Formerly a borderline top-50 prospect, many forget that Joseph was the primary point guard for a forgettable Syracuse team that failed to make the Big Dance back in 2014-15. He put up impressive assist numbers playing for a fast-paced Orange squad, but like Mintz, struggled taking care of the basketball. If Joseph can't tighten up the ball handling screws quickly, McDermott has one more ace up his sleeve with Harrell, who may be worth tinkering with at the lead guard position. Despite standing 6'7 and playing a decent amount of 4 over the past two seasons, Harrell does have some experience running the point, both in recent episodes at Creighton and more notably, his high school days in Denver. He remains one of McDermott's highest ranking recruits since taking over Creighton, but much like Joseph's past, has not been able to translate talent into actual production.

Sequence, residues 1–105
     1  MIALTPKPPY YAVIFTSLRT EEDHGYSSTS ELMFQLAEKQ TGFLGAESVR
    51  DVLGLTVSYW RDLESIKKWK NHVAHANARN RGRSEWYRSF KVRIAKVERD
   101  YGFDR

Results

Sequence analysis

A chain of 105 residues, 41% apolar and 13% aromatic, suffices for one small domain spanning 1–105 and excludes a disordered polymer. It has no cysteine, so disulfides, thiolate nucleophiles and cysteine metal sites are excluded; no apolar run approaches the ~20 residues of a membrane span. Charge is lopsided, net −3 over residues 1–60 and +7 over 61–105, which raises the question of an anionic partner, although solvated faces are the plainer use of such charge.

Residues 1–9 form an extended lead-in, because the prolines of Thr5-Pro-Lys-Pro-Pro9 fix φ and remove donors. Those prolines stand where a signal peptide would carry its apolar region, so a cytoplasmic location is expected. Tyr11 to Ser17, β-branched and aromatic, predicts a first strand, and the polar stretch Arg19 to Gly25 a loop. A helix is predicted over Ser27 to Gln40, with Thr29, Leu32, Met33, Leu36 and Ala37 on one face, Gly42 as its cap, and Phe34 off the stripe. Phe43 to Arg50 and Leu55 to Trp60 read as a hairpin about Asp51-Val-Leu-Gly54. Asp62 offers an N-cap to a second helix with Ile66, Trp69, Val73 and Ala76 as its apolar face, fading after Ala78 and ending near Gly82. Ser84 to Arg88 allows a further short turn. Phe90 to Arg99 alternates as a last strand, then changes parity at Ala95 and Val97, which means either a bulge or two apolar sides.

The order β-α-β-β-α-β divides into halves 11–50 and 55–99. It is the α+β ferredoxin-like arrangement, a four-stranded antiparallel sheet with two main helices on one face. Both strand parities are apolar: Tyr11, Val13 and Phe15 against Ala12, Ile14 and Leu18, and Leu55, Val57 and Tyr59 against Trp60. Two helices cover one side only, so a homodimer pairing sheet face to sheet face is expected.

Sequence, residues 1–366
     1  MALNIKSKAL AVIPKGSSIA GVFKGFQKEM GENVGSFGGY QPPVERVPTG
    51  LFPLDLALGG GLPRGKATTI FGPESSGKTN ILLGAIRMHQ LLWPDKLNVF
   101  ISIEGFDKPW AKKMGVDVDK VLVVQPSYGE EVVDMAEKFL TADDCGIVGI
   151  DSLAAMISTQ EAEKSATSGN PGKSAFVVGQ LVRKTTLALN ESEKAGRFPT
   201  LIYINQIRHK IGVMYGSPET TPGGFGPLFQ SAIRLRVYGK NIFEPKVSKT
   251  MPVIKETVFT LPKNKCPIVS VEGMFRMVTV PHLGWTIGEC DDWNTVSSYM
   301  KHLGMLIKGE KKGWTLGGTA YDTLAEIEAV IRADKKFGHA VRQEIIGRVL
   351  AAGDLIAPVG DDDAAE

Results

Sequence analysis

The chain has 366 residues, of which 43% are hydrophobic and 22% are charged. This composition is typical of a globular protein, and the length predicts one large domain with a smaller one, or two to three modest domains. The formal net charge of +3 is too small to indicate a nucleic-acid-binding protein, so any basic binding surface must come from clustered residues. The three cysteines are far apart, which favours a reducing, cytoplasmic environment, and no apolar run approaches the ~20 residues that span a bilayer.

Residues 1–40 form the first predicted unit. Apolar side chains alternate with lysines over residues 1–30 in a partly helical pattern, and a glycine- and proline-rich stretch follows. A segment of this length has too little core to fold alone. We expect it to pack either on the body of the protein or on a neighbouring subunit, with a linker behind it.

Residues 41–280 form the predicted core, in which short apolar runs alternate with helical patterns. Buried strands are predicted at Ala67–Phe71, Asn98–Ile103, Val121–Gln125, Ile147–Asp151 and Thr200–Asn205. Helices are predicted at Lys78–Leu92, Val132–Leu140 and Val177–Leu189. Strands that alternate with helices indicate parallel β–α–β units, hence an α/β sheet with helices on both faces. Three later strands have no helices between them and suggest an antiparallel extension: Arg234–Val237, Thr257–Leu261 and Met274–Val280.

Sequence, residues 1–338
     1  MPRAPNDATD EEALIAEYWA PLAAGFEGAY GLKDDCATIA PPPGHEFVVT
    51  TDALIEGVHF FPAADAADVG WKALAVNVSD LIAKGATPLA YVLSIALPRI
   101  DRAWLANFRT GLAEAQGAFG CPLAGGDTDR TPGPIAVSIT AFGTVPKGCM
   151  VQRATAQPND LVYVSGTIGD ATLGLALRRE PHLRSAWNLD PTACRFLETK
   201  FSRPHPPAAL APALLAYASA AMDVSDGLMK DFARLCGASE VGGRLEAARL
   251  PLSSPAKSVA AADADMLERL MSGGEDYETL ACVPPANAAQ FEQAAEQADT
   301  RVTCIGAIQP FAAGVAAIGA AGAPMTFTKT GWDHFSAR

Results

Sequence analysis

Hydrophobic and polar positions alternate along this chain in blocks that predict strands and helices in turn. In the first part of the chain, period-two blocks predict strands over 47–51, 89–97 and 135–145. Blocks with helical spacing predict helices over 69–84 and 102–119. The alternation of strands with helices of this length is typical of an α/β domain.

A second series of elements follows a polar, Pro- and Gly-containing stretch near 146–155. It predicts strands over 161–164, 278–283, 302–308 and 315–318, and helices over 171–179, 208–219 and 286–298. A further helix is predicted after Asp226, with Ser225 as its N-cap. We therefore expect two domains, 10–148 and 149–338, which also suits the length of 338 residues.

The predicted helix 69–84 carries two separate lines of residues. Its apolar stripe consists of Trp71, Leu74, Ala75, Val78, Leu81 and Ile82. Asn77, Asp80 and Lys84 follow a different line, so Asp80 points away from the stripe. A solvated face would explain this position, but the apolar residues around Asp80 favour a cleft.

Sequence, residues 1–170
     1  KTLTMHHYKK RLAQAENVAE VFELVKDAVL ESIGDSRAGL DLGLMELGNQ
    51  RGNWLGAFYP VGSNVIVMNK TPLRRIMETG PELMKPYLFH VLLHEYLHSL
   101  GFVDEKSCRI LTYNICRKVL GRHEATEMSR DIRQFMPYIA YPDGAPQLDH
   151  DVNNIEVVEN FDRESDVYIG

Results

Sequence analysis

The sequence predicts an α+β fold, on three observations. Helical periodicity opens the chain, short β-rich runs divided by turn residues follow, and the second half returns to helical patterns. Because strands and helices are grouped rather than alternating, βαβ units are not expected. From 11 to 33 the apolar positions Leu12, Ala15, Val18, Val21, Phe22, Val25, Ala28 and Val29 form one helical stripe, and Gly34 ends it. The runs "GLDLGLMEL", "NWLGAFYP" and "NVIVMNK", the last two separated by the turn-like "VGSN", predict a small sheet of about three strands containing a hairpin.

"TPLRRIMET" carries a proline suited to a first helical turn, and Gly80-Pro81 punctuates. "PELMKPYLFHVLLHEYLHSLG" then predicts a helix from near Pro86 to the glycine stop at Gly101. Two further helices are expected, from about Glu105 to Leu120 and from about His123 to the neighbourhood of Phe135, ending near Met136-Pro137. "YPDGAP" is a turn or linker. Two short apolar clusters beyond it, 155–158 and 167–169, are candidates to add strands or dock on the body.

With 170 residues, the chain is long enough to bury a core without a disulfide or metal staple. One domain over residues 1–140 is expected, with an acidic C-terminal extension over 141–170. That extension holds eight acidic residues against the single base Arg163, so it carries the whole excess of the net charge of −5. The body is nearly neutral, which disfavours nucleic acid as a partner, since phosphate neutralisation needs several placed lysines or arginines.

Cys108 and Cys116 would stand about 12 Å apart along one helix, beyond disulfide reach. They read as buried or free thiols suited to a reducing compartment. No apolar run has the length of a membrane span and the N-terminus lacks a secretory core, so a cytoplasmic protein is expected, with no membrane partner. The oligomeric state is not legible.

If all else fails, the jack-of-all-trades, Khyri Thomas, could step into the lead ball handling and playmaking role for the Jays this season. Outside of blocking shots, there isn't much Thomas can't do on the basketball floor. Thomas was often asked to guard the opponent's best perimeter playmaker as well as run the point during the "post-Watson era". However, it was the monumental leap he made as a shooter and scorer that almost no one saw coming, given his shooting splits as a freshman were borderline embarrassing (38%/20%/31% from 2pt/3pt/FT).